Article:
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By Linda Westphalen

Examines existence background writing through Australian Aboriginal ladies within the context of negotiations approximately one's prestige and claims to nation. This booklet makes use of a methodological mix of literary research, historical past and anthropology to attract out the distinct cultural heritages held in palimpsest inside of texts.

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Additional resources for An Anthropological and Literary Study of Two Aboriginal Women’s Life Histories: The Impacts of Enforced Child Removal and Policies of Assimilation

Example text

The text of this book also grew, in part, from my own history. In 1993, I was a teacher in a Lutheran private school in South Australia. In January of that year, I completed an Honours thesis on the autobiographical writing of Maxine Hong Kingston and Maya Angelou, exploring their positions as both women lifehistorians and as members of 'marginalised' cultures in the United States (Westphalen 1993). Once I had decided to continue my studies, I developed an interest in First Nations writers of North America.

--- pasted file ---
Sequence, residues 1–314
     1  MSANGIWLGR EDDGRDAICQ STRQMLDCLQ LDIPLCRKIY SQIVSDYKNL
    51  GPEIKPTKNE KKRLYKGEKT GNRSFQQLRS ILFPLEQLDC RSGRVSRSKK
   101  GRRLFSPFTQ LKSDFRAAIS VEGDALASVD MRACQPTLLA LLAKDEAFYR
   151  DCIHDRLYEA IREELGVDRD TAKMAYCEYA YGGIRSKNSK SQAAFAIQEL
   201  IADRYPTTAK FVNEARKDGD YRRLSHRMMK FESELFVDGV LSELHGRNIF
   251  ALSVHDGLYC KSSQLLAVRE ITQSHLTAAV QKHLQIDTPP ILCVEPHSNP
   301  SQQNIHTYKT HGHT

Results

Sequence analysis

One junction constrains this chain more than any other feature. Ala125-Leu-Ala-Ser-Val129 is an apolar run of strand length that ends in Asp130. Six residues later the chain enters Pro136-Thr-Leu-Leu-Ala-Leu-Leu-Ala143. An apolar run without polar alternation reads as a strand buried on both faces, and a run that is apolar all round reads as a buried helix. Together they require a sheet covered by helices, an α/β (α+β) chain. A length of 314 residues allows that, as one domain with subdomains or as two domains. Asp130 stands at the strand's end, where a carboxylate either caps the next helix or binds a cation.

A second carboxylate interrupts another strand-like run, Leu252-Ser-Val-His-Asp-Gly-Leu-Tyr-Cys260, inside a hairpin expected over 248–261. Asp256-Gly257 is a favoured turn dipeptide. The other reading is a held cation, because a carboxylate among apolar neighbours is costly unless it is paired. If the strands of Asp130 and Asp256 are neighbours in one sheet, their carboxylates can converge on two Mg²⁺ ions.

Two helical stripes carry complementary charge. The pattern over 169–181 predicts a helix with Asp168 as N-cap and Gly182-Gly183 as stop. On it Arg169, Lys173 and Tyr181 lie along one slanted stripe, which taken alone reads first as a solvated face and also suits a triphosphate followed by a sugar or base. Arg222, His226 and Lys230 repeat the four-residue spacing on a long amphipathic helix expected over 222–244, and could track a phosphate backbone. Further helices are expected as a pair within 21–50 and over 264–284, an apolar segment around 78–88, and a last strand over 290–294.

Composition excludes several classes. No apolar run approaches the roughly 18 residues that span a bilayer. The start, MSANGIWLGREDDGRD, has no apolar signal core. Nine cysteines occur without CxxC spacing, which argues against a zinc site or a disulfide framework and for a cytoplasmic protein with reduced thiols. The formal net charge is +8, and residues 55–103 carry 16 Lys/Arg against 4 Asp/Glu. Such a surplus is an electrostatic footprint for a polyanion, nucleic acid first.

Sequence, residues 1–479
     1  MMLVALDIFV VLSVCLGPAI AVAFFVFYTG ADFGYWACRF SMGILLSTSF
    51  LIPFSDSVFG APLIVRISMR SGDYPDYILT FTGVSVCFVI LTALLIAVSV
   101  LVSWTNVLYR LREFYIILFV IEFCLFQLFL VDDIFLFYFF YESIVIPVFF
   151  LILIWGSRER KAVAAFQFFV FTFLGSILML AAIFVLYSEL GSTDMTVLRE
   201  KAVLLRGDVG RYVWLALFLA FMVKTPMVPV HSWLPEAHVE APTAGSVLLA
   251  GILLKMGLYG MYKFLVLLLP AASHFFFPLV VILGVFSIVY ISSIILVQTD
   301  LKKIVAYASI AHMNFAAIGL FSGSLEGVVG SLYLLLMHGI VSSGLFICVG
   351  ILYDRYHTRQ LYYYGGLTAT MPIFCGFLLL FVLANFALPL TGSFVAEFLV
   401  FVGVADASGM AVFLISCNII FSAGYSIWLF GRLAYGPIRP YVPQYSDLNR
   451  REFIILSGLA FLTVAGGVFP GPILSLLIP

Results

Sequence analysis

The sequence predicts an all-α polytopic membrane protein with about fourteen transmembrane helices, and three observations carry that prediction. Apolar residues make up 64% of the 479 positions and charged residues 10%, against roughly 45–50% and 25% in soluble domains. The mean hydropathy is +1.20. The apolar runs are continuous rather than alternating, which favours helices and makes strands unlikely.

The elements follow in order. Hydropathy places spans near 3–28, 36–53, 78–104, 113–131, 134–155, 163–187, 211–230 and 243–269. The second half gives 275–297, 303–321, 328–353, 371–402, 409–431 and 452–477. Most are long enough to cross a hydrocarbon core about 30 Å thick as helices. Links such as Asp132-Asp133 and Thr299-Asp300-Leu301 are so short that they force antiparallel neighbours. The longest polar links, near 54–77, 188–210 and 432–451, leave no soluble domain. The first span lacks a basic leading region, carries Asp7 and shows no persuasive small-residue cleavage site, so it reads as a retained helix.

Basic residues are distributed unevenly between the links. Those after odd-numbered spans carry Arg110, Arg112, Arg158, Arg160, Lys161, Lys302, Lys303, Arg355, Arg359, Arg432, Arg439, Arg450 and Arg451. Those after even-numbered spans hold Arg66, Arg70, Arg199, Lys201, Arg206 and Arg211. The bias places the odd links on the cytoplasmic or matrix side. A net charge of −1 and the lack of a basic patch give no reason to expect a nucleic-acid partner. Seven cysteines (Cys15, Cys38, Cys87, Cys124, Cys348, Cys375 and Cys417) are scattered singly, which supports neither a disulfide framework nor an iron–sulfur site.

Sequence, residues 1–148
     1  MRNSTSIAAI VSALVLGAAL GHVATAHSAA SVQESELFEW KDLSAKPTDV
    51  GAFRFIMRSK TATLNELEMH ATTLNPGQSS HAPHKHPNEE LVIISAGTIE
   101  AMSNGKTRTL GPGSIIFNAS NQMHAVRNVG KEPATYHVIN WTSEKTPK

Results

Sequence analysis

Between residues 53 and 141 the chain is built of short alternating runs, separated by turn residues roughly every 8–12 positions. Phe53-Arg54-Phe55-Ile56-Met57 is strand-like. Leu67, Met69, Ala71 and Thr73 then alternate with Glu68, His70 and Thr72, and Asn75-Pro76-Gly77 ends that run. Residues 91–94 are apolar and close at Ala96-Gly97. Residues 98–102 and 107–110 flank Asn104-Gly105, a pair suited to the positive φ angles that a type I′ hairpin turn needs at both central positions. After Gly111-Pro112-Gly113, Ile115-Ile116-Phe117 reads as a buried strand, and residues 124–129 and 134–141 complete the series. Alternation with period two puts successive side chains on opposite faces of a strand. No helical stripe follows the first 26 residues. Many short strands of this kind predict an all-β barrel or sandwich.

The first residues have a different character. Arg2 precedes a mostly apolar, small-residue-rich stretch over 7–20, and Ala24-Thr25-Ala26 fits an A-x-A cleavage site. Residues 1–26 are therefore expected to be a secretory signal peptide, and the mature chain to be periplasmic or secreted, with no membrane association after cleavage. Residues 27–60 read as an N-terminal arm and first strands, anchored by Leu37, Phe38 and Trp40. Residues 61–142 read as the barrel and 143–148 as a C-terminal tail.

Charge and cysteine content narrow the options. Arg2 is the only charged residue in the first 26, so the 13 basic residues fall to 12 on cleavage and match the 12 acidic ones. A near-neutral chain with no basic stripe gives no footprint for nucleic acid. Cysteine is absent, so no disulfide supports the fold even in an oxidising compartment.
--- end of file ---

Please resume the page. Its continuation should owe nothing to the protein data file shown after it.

Briefly, the Intervention was a reaction to the Ampe Akelyernemane Meke Mekorle 'Little Children are Sacred' report (Wild and Anderson 2007) which 'confirmed what many Aboriginal people had been saying for years: that many of their communities had broken down to the point that widespread violence, suicide, alcohol and other substance abuse, and the abuse of children had become a way of life' (Maddison 2009a: 484). After initial optimism, the Intervention was opposed by Indigenous communities, as the measures adopted necessitated a suspension of the Racial Discrimination Act (1975) and incorporated significant surveillance and control of Indigenous people and communities by nonIndigenous authorities (Maddison 2009a: 484-5).

There are therefore varying specificities in the relationships that can be drawn between people, places and events in the texts and the reading audience, depending on who they are. As Clarke notes, 'an individual's connection to the Dreaming provided the basis of his or her identity' (1995: 145). The great variations in Dreaming Stories, both across geographical localities and within specific Country, relates to the locations where people are born and live, as well as to the dynamic relationship that they had, and have, with the land.

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